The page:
STRESS AND METAMORPHISM—THE DEPTH PROBLEM
Metamorphism and rock deformation often occur together. In a paper in this issue of Geology, Wheeler (2014, p. 647) presents theoretical results that show that a differential stress driving the deformation could have a dramatic effect on metamorphic reactions. If this is true, then Wheeler’s result has considerable consequences for geological applications, because it is commonly assumed that the metamorphic reactions are controlled by the lithostatic pressure (the weight of the overlying rock) which can be directly related to depth. According to this common practice, metamorphic minerals are used to estimate the burial depth of the tectonic unit in which the minerals have been found (e.g., Jolivet et al., 2003). If such depth estimates could indeed be considerably inaccurate, then this inaccuracy could help to answer some open geodynamic questions. For example, the depth of the metamorphic sole beneath ophiolites, which is constrained by the thickness of the observed overlying rock (<∼15 km), is usually much less than the depth estimated from the metamorphic minerals of the sole (>∼30 km; Moulas et al., 2013, and references therein). However, the potential inaccuracy of depth estimates based on minerals would question current paradigms in geology.
PARADIGMS UNDER THREAT
The discovery of micrometer-scale ultrahigh-pressure (UHP) minerals, such as coesite and diamond, in exhumed crustal rocks has revolutionized both metamorphic petrology and geodynamics (Chopin, 1984, 2003; Smith, 1984). The plate tectonics paradigm, with an old (not recycled into the mantle) continental crust floating horizontally on a denser mantle, had to be refined because the UHP (>28 kbar) minerals indicate the subduction of continental crust deep into the mantle (>100 km), and also their subsequent exhumation to the surface. Moreover, chronological studies show that the vertical motions during exhumation have the same velocities as the horizontal motion of continental plates, that is, several centimeters per year (e.g., Rubatto and Hermann, 2001). UHP metamorphism became an exciting research field because careful microscopic observation alone could have enormous consequences for the geodynamic history of the corresponding region. The formation at large mantle depth became widely accepted as the unique cause for UHP metamorphism in crustal rocks, and has been proposed as a new paradigm (Hacker and Gerya, 2013). The fundamental assumption of this UHP paradigm is that the pressure indicated by UHP minerals must be converted to depth by applying the lithostatic formula for pressure.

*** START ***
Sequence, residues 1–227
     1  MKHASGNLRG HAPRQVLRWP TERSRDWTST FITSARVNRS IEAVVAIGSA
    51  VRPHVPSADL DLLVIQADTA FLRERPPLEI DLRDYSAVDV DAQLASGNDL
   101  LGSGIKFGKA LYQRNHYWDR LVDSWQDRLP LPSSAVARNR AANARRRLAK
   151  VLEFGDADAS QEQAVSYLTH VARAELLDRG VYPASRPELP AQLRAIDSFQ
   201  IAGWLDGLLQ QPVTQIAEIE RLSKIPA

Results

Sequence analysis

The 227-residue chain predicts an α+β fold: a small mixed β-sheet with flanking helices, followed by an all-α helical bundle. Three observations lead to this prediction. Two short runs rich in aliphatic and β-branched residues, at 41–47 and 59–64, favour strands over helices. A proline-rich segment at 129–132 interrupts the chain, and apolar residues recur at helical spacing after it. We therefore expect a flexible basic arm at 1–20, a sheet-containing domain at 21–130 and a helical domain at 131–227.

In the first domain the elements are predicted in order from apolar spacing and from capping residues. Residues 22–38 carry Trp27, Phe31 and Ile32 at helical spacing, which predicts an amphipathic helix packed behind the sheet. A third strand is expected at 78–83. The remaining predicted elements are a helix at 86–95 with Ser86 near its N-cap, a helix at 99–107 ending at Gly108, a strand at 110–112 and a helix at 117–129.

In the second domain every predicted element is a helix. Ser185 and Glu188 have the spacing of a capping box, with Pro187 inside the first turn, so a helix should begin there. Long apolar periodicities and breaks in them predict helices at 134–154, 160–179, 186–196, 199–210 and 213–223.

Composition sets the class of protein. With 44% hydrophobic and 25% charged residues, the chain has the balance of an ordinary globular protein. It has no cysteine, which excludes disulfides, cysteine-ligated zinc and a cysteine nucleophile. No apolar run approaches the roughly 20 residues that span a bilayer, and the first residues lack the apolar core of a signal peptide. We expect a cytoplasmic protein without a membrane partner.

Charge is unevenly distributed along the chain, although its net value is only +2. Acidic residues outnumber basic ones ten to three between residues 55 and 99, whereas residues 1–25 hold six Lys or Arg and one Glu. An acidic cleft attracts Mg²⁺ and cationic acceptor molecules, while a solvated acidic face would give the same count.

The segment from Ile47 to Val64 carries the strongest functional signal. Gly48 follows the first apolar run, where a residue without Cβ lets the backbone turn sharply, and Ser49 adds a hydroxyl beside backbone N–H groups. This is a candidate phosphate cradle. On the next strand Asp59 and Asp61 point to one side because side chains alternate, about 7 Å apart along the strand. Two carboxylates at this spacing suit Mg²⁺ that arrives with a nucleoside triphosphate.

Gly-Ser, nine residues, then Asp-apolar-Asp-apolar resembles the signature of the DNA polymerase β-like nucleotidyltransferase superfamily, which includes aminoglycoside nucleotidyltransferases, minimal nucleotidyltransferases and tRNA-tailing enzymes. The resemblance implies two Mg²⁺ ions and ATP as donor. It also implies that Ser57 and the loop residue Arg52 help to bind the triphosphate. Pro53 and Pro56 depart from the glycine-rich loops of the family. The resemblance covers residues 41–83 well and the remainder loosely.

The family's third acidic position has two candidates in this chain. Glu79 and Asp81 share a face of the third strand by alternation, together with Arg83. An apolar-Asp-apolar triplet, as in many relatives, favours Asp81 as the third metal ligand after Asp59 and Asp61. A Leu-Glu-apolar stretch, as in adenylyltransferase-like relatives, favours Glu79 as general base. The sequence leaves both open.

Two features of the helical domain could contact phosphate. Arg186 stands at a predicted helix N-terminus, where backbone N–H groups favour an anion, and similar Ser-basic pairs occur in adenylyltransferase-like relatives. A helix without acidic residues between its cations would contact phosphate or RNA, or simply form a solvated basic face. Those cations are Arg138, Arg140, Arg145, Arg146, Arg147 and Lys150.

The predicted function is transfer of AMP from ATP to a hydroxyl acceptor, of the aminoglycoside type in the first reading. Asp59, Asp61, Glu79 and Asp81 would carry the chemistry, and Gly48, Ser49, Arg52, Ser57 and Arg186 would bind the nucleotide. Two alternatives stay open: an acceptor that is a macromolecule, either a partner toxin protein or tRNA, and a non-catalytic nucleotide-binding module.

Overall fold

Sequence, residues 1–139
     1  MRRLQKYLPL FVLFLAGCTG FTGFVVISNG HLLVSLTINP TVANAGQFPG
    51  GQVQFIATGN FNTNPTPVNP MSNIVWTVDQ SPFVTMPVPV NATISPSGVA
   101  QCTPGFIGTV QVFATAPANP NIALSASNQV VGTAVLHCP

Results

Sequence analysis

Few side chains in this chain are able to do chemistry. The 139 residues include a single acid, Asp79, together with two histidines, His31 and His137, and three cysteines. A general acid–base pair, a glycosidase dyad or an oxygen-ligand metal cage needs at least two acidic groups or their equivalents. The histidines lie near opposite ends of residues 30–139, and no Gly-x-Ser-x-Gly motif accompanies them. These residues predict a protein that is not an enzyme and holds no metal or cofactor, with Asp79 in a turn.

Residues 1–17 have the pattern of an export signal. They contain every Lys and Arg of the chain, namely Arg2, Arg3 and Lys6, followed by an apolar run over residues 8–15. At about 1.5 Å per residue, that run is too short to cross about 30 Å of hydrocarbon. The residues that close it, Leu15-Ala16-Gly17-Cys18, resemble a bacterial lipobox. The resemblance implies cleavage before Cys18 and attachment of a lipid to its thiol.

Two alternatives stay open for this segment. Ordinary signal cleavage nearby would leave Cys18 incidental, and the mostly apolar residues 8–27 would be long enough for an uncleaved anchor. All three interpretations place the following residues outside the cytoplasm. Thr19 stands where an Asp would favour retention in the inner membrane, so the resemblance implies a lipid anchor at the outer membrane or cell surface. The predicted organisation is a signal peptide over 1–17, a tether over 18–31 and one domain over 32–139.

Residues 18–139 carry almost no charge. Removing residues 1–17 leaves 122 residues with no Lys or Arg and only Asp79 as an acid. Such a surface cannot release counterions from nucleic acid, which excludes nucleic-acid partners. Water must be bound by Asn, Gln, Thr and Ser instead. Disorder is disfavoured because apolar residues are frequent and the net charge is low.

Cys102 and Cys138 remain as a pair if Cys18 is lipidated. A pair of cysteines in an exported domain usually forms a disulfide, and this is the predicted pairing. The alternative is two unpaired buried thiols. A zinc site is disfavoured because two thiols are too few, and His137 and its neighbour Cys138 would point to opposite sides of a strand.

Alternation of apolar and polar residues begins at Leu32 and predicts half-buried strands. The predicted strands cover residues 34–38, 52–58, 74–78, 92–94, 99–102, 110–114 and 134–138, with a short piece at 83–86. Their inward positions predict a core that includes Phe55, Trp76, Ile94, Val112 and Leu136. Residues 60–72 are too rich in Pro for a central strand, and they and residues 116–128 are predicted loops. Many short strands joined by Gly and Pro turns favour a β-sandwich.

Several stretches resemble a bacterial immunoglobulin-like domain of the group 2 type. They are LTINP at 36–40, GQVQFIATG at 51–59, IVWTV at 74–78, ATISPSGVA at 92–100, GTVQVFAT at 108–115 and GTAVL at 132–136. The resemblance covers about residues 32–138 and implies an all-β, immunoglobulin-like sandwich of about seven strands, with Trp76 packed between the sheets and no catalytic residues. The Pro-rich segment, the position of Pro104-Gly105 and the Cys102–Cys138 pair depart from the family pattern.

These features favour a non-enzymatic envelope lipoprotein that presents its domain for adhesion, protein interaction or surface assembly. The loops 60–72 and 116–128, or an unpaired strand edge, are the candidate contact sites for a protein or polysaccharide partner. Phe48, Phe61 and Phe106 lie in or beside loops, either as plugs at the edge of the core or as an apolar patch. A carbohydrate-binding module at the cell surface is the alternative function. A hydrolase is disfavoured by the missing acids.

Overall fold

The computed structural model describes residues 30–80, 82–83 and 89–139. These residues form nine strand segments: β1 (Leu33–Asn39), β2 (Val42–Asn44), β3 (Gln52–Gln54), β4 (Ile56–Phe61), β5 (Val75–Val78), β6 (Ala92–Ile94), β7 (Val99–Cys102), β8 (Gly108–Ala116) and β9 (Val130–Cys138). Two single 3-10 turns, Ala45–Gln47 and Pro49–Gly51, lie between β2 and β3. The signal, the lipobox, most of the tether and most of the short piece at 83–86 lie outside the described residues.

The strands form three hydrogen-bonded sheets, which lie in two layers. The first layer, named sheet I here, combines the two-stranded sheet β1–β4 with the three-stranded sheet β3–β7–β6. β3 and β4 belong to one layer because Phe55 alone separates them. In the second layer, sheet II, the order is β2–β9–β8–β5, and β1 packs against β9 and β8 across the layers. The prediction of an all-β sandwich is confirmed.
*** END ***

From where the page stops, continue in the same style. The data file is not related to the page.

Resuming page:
The relationship between stress, pressure, and metamorphic reactions can be quantified with thermodynamic calculations. In these calculations, borrowed from gases and fluids and applied to solids without any modification (e.g., Connolly, 2009), it is commonly assumed that the stress state at every point is isotropic, and is fully represented by a single scalar “thermodynamic pressure” that controls the metamorphic reactions. This fluid-like version of thermodynamic theory is often referred to as hydrostatic thermodynamics. However, the relation between a single thermodynamic pressure and the stress in a solid is not so simple. For example, rock deformation experiments have shown that quartz was partially converted to coesite at a confining pressure of only 12.5 kbar although a thermodynamic pressure of 28 kbar is required (Hirth and Tullis, 1994). Hirth and Tullis (1994) suggested that it was the magnitude of the largest stress (28 kbar) in the loading direction that controlled the reaction from quartz to coesite, and neither the confining pressure nor the mean stress (18 kbar). Also, the observation of coesite in both garnet and omphacite in exhumed rock (Chopin, 1984; Smith, 1984) indicates pressure variations >10 kbar on the mineral scale according to the well-accepted “pressure vessel” model that explains the preservation of coesite during the exhumation (Gillet et al., 1984; Perrillat et al., 2003; O’Brien and Ziemann, 2008). Furthermore, a differential stress of up to 17 kbar on the mineral scale has been indicated by observed coherent mineral lamellae (e.g., Pryer and Robin, 1996). However, the influence of pressure variations and differential stress on metamorphic reactions is commonly neglected in hydrostatic thermodynamic calculations.
Different approaches exist to account for non-hydrostatic effects in thermodynamic relationships between solids under stress (Grinfeld, 1991, see p. 125–132). A more microscopic approach concerning grain-scale stress variation considers partial Gibbs energy (chemical potentials) of the solid phases as functions of the normal stresses that act locally on mineral interfaces (Gibbs, 1906; McLellan, 1980; Wheeler, 2014). The more macroscopic approach of Dahlen (1992) starts from the same local relationships (“closely following” McLellan, 1980) but ends with approximate partial Gibbs energies as a function of fluid pressure for a fluid-saturated rock, even if the reaction between solid phases does not involve fluids. Dahlen’s approach is similar to considering the “pore fluid” pathway in the sense of Wheeler (2014). Consequently, Dahlen predicts zero sensitivity to differential stress, while Wheeler shows that if other pathways are active then the sensitivity may be dramatic.